We stand in hope that the legislative session ahead will find direct and indirect ways to help the State of Colorado address these matters in effective and empowering ways that promote the best protection of our citizenry.

#2       Healthcare – Rev.  Dr. Donna Dempewolf (Executive Pastor, Trinity  United Methodist Church)

As communities of faith and individuals who care for the safety and well-being of our society, we lament that our current healthcare system fails to afford all United States’ citizens the opportunity and ability to have affordable care in matters of health. We lament that current legislation seems to keep in place a financial system that benefits more insurance and pharmaceutical industries. We lament that many of our elected officials continue to vote on policies that make it more difficult for the general public to access needed healthcare while they themselves have gold-shelf plans.

We stand in hope that the legislative session ahead will find direct and indirect ways to help the State of Colorado address these matters in effective and empowering avenues that promote the best care of our citizenry.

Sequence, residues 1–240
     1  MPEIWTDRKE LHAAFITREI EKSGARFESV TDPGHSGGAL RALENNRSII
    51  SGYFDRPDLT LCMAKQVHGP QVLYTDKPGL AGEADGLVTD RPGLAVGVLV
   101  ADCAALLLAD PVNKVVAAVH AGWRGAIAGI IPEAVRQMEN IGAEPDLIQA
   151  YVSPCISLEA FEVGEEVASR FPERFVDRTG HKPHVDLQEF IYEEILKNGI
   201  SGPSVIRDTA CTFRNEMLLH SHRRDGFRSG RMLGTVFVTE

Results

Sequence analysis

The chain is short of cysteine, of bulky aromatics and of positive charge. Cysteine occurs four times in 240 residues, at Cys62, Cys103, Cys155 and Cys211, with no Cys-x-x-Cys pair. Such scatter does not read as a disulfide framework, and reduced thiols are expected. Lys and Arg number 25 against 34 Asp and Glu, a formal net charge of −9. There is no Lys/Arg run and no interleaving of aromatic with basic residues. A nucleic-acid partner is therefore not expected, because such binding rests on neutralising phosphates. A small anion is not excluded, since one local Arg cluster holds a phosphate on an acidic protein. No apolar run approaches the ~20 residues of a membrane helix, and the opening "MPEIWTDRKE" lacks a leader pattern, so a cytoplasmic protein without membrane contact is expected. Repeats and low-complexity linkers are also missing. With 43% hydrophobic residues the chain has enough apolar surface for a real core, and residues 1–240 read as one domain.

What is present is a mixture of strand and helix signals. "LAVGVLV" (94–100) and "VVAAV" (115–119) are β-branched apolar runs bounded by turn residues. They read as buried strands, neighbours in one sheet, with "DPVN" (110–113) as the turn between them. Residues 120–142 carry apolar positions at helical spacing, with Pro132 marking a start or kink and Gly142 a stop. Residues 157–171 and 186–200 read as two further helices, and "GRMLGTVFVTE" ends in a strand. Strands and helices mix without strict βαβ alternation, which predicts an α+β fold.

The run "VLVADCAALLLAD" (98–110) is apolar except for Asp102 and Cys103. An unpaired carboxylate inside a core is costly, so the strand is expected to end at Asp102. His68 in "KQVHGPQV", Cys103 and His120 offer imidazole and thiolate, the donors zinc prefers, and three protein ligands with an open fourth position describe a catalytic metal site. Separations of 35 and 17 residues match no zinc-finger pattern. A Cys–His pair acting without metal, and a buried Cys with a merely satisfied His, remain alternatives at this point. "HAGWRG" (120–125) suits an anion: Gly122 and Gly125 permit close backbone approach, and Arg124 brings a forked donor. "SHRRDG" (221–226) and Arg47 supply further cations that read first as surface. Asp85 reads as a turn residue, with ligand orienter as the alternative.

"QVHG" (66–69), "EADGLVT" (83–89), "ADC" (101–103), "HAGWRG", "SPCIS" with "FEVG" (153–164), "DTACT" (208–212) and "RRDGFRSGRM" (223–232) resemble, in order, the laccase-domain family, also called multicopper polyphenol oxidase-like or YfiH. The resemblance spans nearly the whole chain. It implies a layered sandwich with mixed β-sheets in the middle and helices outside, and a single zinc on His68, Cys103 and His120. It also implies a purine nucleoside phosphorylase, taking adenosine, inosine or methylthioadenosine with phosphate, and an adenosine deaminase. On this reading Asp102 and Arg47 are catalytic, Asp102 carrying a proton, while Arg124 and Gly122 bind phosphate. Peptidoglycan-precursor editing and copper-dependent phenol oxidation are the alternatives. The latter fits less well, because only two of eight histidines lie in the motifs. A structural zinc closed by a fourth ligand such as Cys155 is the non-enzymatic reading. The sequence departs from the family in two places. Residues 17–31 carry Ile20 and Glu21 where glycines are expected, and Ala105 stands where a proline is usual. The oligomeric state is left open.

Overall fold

#3       Immigration – Jennifer Piper (American Friends Service Committee)

As communities of faith and individuals who care for the safety and well-being of our society, we lament that past and current immigration legislation often does more injustice to individuals and families and communities. We lament that human beings who are fleeing unsafe and life-threatening environments, are often treated as criminals under our United States’ policies. We lament that too many families face the harmful effects of separation and deportation.

We stand in hope that the legislative session ahead will find direct and indirect ways to help the State of Colorado address these complicated and often convoluted matters in effective and empowering ways that promote the best care of all individuals who seek to call Colorado their home.

#4       Earth Care – Susie Silversmith (Dine’ Nation, Christian Indian Center)